Climbing has a bewildering array of grading systems. Each one is largely assigned to a particular discipline, and understanding how they work and relate to one another can be difficult. Here we will try and shed some light on UK Traditional & Sport Climbing Grades.
Many people are introduced to climbing through climbing walls, where the French grading system is widely used and accepted. Typically, most climbing walls have routes starting around 5 (5a, 5b 5c). As climbs get more difficult, the number and the letters (a-c) increase.
Therefore 6a, 6b, 6c are harder than anything prefixed with the number 5, and the grade with the highest letter (in this case 6c) should (in theory) be the most difficult. This system is open-ended and continues in this way (7a, 7b, 7c, 8a, 8b, 8c) up to around 9b, which is currently the very top-end of today’s standards.
Each grade can be sub-divided with a + symbol. Take 6a+ for example. This is a grade in its own right, but it’s essentially a way of indicating if something is hard for the grade (i.e. too hard to be 6a, but not hard enough to be 6b). Its important to remember that grading is not an exact science, but more a suggestion as to a routes difficulty.
Now things start getting confusing! The UK has a long history of traditional climbing. Routes climbed in this style are generally protected by a leader who places protection as he or she climbs. This protection is generally removed by a second who follows the climb. Once again it is an open-ended system that is evolving as standards increase. The major difference is that it is a two-tiered system that conveys more information about a routes difficulty.
The first part of the grade is the ‘adjective grade’. This attempts to give the climber an idea of a climbs difficulty, taking into account less tangible factors such as: how much gear (protection) is available and its quality (seriousness); exposure; rock quality; and how sustained the difficulties might be. This scale has been ‘modernised’ but essentially starts at Moderate (Mod) and continues up to E11. The subdivisions are as follows:
Moderate (Mod); Difficult (Diff); Hard Difficult (HD); Very Difficult (VD); Hard Very Difficult (HVD); Severe (S); Hard Severe (HS); Very Severe (VS) Hard Very Severe (HVS); and Extremely Severe, which is subdivided from E1; E2; E3 etc. up to E11.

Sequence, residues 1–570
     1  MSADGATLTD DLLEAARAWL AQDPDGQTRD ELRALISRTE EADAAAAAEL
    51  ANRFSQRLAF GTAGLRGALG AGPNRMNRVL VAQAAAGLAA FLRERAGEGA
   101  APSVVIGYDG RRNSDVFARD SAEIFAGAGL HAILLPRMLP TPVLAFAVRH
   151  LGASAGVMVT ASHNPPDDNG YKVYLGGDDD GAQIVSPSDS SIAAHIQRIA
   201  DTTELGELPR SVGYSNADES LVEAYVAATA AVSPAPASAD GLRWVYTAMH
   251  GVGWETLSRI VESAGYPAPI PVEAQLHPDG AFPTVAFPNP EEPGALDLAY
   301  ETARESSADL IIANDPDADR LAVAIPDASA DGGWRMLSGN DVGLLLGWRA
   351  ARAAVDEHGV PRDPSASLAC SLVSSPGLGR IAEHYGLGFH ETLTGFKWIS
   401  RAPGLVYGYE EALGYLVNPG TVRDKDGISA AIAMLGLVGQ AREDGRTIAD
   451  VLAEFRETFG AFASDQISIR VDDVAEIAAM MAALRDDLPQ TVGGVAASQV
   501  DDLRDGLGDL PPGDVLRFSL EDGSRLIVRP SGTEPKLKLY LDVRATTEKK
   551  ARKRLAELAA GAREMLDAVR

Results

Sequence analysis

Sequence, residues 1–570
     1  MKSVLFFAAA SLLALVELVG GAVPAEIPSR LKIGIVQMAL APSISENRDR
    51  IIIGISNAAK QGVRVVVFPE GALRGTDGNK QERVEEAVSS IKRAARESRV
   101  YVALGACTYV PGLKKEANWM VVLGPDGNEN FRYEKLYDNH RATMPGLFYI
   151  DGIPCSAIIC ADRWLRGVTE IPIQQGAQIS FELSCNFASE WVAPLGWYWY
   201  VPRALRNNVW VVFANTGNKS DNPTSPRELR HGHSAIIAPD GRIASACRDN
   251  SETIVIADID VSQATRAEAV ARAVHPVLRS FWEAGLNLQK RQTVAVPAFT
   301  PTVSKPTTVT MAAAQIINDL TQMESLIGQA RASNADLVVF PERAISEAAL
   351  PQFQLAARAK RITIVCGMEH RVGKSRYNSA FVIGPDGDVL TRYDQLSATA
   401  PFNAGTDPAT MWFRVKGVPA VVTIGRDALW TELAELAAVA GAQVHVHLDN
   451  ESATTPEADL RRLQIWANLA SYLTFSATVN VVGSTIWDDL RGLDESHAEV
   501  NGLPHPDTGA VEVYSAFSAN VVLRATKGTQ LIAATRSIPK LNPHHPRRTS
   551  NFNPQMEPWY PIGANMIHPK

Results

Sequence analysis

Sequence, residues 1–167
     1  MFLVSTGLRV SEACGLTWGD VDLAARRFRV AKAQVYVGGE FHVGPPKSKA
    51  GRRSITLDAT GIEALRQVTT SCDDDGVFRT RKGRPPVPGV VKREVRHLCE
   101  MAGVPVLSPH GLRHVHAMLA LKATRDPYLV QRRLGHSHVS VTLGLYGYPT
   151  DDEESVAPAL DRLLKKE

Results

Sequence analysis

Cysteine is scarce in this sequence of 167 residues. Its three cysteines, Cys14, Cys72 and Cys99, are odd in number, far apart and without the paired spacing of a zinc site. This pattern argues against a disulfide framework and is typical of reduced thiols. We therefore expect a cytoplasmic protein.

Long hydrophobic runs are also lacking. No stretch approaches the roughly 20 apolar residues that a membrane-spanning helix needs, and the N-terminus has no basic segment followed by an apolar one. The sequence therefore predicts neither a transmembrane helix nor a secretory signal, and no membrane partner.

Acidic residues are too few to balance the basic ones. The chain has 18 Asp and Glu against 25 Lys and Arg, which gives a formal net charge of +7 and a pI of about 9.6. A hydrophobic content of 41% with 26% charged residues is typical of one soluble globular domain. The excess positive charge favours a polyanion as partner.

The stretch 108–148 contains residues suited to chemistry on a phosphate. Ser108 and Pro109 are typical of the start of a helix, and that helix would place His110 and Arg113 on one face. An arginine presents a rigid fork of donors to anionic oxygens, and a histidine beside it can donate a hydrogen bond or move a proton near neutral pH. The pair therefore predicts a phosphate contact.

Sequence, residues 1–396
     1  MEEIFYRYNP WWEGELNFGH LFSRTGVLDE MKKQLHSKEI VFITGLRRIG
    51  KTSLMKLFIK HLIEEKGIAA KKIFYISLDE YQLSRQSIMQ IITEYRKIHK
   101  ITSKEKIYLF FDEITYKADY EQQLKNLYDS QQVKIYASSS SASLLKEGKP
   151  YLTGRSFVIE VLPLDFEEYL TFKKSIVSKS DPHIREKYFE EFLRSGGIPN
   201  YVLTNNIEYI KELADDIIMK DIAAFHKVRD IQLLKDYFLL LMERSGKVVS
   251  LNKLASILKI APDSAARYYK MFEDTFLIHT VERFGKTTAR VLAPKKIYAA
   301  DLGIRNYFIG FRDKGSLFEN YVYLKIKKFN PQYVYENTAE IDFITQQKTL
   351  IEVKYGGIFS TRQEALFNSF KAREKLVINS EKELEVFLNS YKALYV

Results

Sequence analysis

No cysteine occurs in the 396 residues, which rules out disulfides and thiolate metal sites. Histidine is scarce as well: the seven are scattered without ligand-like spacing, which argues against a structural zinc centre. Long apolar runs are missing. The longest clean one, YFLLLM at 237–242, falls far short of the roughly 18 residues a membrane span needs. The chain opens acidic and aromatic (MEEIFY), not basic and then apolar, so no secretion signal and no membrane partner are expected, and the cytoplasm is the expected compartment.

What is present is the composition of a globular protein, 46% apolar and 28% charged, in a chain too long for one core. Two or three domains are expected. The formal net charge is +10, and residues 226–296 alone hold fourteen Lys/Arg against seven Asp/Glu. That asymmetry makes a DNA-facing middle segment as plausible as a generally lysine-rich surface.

The second part of the grade it the ‘technical grade’ which gives a more tangible idea of how hard the hardest move (crux) might be. Technical grades take the same format as French sport grades but are not the same thing. Generally, most guidebooks have English technical grades starting at 4a, and it continues: 4b; 4c; 5a; 5b; 5c; 6a; 6b; 6c; 7a; 7b.
When adjective and technical grades are used together, they can convey useful information when compared to one another. For example: VS 4a is going to be easier physically than a VS 4c, but to compensate for having the same adjective grade something else about the VS 4a is going to make it difficult for it to have the same adjective grade.
It is likely that there won’t be as much gear available making the route a more serious proposition. There could also be loose rock, or the route might just have a big or committing feel about it. Again, it’s not an exact science but the grade can give an indication of what you might expect to find up there.
Standing back from the crag or having a good look up on the walk in might fill in a few of the blanks, and help explain why a route gets the grade it does. Are there lots of cracks or obvious places to arrange gear? Does it look loose, blank or ‘out there’?
As a general rule, if the technical grade is high for a particular adjective grade (e.g. E1 5c), you might expect to find a few hard moves that are relatively well protected. A route with a lower technical grade in the same adjective grade (e.g. E1 5a) is likely to have less difficult individual moves but will be more sustained and will probably be less well protected.
It can take a while to get your head around this but with experience, and being able to compare routes with one another, patterns can be found and sense can be made of it. If you would like to find out more on this subject, visit this page from the BMC for a brief explanation of UK traditional climbing grades.